THE STANLEY Quartet, com- a two-piano recital by Ava Cq.
posed of School of Music faculty and Mary Fishburne on Aug. 5
members Gilbert Ross and Emil at Hill Auditorium, and an organ
Raab, violinists; Oliver Edel, cel- recital by University Organist
list; and Robert Coure, guest lec- Robert Noehren Aug. 8 in Hill
turer in viola, will play a series Auditorium.
of three programs on Tuesday The University Orchestra will:
evenings, July 10, July 24, and give a concert Aug. 1 at Hill Aud-
Aug. 7, in Rackham Lecture Hall. itorium.

I u ad to his positions as general secretary of
ad editor and chief of the "Alumnus,"
. served as president of the American
t year. This international group
is es o' nore than 500 universities.


ALMOST as old as the school it-
self, the University's active,
closely knit Alumni Association
has gone through a long period of
growth and evolution since the
first class of 11 graduates formed
the Society of Alumni in 1845.
Under the leadership of T. Haw-
ley Tapping, '15, general secretary,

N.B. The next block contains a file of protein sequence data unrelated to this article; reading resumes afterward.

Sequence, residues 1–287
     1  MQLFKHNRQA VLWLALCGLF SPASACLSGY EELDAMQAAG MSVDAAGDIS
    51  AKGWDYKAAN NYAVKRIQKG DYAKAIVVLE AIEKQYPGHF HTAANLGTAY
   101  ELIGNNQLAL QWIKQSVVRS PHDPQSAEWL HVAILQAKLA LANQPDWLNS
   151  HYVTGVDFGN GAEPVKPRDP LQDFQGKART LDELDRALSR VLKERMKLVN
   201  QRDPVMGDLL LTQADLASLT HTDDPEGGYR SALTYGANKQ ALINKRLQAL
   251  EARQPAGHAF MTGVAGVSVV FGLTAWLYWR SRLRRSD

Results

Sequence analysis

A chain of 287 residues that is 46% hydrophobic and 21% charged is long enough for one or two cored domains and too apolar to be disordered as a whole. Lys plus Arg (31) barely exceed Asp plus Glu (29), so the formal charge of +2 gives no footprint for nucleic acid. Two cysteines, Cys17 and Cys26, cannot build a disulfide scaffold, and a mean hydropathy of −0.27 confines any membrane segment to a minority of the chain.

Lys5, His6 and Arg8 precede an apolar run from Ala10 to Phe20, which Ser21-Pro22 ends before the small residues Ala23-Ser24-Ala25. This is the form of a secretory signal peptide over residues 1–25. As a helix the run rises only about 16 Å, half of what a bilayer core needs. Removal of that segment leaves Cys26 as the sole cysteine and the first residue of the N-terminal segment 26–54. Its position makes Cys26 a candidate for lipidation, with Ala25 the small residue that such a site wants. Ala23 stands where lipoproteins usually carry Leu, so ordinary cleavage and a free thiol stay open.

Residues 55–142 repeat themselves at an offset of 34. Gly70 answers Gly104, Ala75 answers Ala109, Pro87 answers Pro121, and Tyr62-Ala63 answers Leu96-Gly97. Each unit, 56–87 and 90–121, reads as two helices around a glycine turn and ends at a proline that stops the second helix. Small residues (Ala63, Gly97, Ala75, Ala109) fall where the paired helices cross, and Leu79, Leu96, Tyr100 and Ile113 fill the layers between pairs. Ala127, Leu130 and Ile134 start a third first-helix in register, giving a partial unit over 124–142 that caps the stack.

the organization now serves as the
connecting link for thousands of
graduates and former students
with the University and, in addi-
tion, supports many campus pro-
Publishing The Michigan Alum-
nus, helping plan Michigan Club
programs and class reunions and
keeping tabs on former classmates
are among the many services the
Association perfoms for the alum-
THE ALUMNUS, official publi-
cation of the Association which
boasts over 12,000 subscribers, is
one of the most effective methods
of keeping alumni informed.
Included in the magazine are
features on campus activities, the
work of various Michigan Clubs
and news items about the activi-
ties of former classmates. The staff
is headed by Tapping, with Har-
old M. Wilson, '42, as managing
editor and Suzanne Vogt, '39, as
assistant editor.
Michigan Clubs, which are
found in many foreign countries
as well as in all sections of the
United States, have continued
to increase until there are now
almost 200 active chapters.
The globe has been divided into
13 geographic districts by the As-
sociation, and the director of each
district and field secretary, J. Stu-
art Finlayson, '48, plan the activi-
ties and programs for the clubs.
After a busy semester of tour-
ing the country showing Rose Bowl I
movies to alumni groups, Finlayson
is now attending district meetings
and final banquets held by many
clubs to conclude their year's ac-
* * *
CLASS REUNIONS, usually held
on a five-year basis, are planned
by the Class Officers Council. The
council is made up of officers of